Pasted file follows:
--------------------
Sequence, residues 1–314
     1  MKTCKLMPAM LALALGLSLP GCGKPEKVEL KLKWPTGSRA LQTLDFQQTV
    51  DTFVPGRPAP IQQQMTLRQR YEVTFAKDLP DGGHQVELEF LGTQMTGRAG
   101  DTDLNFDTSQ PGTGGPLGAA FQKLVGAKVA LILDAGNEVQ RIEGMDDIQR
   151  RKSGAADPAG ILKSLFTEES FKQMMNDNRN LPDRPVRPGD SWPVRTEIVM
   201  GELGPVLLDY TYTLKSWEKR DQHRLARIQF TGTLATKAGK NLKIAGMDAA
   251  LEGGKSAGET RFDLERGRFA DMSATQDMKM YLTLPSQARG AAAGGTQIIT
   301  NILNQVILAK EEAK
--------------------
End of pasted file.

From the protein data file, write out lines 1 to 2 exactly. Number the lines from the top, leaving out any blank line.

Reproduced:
Sequence, residues 1–314
     1  MKTCKLMPAM LALALGLSLP GCGKPEKVEL KLKWPTGSRA LQTLDFQQTV